How Much Will $1.2 Trillion Expand The U.S. Economy?
The CRS released its most recent report on the economic impact of infrastructure spending on July 1, just days after President Joe Biden agreed to the $1.2 trillion bipartisan framework.
President Biden has said the infrastructure framework will create “millions of good-paying jobs, and position America to compete with the rest of the world in the 21st century.” He also argued that the agreement is “a blue-collar blueprint to rebuild America.” Republicans also have argued that infrastructure investment will spur the economy (as long as infrastructure legislation does not come with tax increases, that is).
Again, evidence to support this claim, particularly on the jobs side, is not clear cut. CRS’ review determined:
A one percent (approximately $157 billion) increase in public capital stock (or infrastructure) would increase private-sector economic output by 0.083 percent ($14.7 billion) in the short-term and 0.122 percent ($21.6 billion) over the long term. Extrapolating those numbers for the current $1.2 trillion agreed-upon plan, the overall macroeconomic impact would be around $140 billion in the near term and around $200 billion over the long term.
Faced with a unique public health crisis that created a recession, an additional $300 billion in federal infrastructure grants in 2020 would have increased the size of the overall economy by about $360 billion per year for 2020 and 2021.
Most economists agree the short-term economic and jobs boost from infrastructure investment is smaller than those from other types of government spending (again, like federal jobless benefits).
Still, there are other benefits to infrastructure investment, but many of those are hard to capture. CRS acknowledges, “Economists generally agree that infrastructure is a critical factor of economic well-being, enabling private businesses and individuals to produce goods and services in a more efficient manner.” Additionally, “For businesses, infrastructure can help to lower fixed costs of production, especially transportation costs, which are often a central determinant of where businesses are located.”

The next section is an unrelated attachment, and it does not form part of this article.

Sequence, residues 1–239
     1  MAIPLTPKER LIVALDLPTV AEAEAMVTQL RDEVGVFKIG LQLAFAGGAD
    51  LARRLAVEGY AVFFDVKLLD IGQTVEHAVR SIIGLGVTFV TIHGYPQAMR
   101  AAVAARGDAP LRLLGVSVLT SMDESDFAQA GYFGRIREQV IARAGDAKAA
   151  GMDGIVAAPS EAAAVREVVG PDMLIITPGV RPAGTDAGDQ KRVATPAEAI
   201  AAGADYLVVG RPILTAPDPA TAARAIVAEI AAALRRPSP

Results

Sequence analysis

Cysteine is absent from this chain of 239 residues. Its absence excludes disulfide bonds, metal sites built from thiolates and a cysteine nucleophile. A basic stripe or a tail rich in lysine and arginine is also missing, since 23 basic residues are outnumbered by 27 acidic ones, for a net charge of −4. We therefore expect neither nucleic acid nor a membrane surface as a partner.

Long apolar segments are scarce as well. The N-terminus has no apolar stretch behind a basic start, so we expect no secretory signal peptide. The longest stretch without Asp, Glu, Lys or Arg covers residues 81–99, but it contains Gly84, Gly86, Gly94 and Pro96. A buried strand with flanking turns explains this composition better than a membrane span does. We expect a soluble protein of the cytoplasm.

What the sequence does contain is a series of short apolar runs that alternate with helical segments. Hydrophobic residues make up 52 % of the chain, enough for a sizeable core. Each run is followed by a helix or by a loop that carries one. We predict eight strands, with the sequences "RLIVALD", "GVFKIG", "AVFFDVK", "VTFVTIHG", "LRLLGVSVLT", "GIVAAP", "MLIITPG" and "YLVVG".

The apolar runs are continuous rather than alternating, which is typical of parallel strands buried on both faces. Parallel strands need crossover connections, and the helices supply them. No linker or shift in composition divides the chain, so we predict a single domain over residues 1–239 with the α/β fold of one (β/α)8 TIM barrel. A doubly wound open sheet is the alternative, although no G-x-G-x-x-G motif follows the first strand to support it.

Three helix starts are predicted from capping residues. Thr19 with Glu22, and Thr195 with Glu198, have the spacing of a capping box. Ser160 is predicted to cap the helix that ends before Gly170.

All of these benefits come with an important caveat, however, and CRS touches on that problem too.
Is Adding To The Deficit A Good Idea?
The July 2021 CRS report has a bit of something for everyone when it comes to whether and how much infrastructure should be spent by adding to the annual federal deficit and, as a result, cumulative national debt.
On the one hand, CRS offers, “deficit-financed investments may indirectly increase economic output even further” since they have a multiplier effect. In fact, “The multiplier effect suggests that $1 of government spending may increase economic output by more than $1, particularly during economic downturns.” On the other hand, CRS said economists tend to agree, “Although deficit-financed investment may increase short-term economic output, the medium- to long-term impact may be reduced due to the ‘crowding out’ of private investment.”
While Republicans (and economists) might be willing to add some portion of a $1.2 trillion infrastructure bill to the national debt in order to finance physical infrastructure capabilities, that argument is harder to make for the “family infrastructure” plan that Democrats want. Indeed, Senate Minority Leader Mitch McConnell (R-Ky.) made that clear again this week. As the New York Post reported, back home at an event in Kentucky, Sen. McConnell vowed “to make the passage of a partisan infrastructure package as difficult as possible — calling Democrats’ multi-trillion dollar “human infrastructure” spending plans ‘wildly inappropriate’ due to the impact previous mammoth spending packages have had on the national debt.”
And how do Americans feel? According to a new survey by the Committee for a Responsible Federal Budget, 79 percent of Americans agree that the federal government should rebuild the country’s roads and bridges. However, 80 percent of Americans also think that the federal government wastes a lot of money and 75 agree that Americans should worry about the national debt and should consider whether too much federal debt could hurt the economy.
The United States’ infrastructure is in disrepair. But Americans will weigh whether the cost of rebuilding it is too much for future generations, and the American economy, to bear.